One phrase in English is difficult for me to say and hear. ‘I should have,’ is not so easy because it is loaded with regret. But the Lord makes crooked paths straight. I look at the example of St. Gianna Molla. She had to make a choice for her unborn child and her life. She was so unselfish that she made the decision with joy and peace. How I could envy that ability to decide in such serious circumstances. It is something I pray for. “As to the past, let us entrust it God’s mercy and the future to divine providence. Our task is to live holy the present moment,” said St. Gianna Molla. It is this type of faith that we all need, and the Church is determined to help us find examples that are recent so that we can continue to grow. The simplicity of the saints is so important for our daily lives as Catholics. What is it about us that we do not want to struggle? Of course, we do not but that is not our choice to make. Challenges are placed in front of us and must respond. Our response calls for faith, humility, and love. Hate, revenge, and hostility are not answers for the Catholic.
When I talk to my parents, they often reflect about their lives. It is important to support parents. We never know how long we will have them in our lives. But we cannot let regret overwhelm us. St Theresa of Avila said, “Oh my Lord! How true it is that whoever works for you is paid in troubles! And what a precious price to those who love you if we understand its value.”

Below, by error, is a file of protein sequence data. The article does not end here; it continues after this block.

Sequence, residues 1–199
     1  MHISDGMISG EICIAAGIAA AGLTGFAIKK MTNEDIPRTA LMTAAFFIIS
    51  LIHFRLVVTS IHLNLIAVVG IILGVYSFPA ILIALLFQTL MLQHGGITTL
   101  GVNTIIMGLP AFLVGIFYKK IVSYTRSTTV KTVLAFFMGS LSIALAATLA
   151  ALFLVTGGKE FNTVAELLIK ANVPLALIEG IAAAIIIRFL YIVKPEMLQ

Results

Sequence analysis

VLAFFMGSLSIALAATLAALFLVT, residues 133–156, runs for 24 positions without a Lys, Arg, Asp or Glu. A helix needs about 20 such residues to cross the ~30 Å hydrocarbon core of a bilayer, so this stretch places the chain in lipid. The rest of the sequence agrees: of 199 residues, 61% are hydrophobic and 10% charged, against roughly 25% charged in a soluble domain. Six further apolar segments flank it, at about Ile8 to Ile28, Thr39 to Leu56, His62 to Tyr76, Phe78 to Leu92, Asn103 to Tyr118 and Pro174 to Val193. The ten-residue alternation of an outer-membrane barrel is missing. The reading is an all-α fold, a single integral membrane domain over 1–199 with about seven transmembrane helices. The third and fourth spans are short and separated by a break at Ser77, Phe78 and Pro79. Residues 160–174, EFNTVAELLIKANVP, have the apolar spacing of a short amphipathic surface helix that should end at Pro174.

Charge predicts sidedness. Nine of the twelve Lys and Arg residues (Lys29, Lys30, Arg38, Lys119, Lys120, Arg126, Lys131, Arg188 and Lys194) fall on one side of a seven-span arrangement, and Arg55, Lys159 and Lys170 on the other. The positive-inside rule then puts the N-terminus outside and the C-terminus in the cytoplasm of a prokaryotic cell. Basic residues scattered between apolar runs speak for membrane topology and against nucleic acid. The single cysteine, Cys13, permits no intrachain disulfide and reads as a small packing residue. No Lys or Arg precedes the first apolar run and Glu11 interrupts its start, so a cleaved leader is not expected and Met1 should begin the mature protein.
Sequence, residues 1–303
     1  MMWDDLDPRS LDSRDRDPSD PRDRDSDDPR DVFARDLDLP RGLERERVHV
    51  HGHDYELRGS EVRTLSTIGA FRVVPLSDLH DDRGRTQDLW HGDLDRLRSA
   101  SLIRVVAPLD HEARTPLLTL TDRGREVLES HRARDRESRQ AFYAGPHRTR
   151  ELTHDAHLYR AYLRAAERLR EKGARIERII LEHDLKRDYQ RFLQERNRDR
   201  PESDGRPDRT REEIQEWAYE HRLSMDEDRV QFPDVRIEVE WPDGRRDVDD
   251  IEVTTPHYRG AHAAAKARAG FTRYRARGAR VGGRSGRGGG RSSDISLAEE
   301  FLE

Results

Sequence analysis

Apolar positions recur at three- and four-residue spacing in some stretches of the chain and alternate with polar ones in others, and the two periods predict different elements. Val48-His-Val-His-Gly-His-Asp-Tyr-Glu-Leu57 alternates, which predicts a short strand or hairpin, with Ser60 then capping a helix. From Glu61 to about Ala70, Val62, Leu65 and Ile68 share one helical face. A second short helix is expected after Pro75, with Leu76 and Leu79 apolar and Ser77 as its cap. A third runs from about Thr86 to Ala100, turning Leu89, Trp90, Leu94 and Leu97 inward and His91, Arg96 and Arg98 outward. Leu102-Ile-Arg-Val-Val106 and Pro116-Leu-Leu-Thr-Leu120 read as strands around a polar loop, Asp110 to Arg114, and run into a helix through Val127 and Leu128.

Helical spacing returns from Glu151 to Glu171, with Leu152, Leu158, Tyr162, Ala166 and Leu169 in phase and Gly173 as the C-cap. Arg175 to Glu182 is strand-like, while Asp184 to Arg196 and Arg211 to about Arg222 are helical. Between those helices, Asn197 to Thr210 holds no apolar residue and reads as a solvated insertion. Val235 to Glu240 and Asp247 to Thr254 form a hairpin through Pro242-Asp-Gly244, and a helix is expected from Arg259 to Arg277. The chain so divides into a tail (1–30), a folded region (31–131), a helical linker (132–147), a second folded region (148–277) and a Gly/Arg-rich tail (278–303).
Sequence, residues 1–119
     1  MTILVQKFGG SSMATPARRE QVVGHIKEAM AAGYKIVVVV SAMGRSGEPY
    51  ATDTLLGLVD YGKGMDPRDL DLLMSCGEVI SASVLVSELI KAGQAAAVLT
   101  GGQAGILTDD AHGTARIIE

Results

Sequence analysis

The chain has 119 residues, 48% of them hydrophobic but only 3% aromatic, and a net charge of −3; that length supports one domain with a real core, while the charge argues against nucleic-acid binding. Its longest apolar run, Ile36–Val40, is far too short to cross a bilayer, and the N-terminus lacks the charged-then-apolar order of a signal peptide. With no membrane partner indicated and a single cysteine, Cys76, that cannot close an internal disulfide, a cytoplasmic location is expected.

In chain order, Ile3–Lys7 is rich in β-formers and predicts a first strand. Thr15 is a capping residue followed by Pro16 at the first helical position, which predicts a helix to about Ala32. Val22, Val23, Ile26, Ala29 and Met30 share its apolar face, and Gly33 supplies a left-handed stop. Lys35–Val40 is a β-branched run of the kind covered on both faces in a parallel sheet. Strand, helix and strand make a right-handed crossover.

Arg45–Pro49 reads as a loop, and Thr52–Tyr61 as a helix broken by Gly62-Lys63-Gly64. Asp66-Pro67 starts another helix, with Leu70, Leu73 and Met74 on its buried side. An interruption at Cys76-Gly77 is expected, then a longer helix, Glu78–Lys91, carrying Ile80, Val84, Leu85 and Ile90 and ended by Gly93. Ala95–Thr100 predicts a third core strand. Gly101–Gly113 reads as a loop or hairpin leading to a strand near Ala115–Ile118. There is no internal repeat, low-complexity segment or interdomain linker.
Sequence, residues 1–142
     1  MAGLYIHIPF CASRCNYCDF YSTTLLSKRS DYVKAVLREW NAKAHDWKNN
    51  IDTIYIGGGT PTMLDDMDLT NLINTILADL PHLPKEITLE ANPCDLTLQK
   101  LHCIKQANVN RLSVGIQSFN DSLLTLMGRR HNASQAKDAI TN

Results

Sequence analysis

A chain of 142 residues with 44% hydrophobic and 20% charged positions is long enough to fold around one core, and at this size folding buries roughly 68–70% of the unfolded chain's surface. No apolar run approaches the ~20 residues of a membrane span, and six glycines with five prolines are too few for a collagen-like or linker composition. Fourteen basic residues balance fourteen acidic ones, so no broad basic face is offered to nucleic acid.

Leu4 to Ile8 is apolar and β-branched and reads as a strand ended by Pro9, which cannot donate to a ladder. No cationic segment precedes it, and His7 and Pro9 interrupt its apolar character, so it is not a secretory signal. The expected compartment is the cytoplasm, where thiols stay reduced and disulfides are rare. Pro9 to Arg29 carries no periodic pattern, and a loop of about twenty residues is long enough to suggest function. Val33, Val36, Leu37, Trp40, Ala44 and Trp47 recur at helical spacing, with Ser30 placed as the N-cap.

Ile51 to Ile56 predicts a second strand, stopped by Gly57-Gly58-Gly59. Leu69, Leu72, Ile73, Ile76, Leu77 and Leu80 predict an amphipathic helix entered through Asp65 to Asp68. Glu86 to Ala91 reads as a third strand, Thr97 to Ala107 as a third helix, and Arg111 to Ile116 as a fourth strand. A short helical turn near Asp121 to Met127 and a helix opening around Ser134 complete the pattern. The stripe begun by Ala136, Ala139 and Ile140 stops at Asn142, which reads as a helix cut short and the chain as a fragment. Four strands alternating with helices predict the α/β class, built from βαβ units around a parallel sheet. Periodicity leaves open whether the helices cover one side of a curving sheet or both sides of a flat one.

I wonder if we do understand what the Lord sends our way. I am always trying to seek clarity. God’s ways are not ours for sure, but I am not so sure that trying to understand his ways at every moment is the right answer. We need to be comfortable with mystery. Trying to control every aspect our lives is not possible. Our lives are full of projects and schemes. We are never happy unless we get what we want.
Quite possibly, the virtues that the Church reminds us of daily need to be meditated upon. “There is no saint without a past, no sinner without a future,” said St. Augustine. The Church, in all its wisdom and experience, offers us so much more than the world around us. Society gives us platitudes, but the Church gives us hope. I would rather have hope. When I was making plans for my studies at university, I was quite indecisive and maybe that is not so uncommon. However, the effect of each decision brings us to a new road. Quite possibly, God has other plans for us. It is important to keep our gaze on Him. To whom shall we go asked the apostles when Christ wanted to know if they would abandon him. I do not want that question asked to me.
“Let us especially regret the smallest amount of time that we waste or fail to use in loving God.” St. John of the Cross. We need to not waste our time with regret and wondering what could or might have happened better. What happened might not have been our plan, but I am confident in the Lord’s greatness and wisdom. He will use whatever possible to draw us closer to Him. God’s omnipotence and love transcends all the hate in the world. I can only end with the words of an obscure holy man. “When it is all over, you will not regret having suffered: rather, you will regret having suffered so little and suffered that little so badly.” Blessed Sebastian Valfre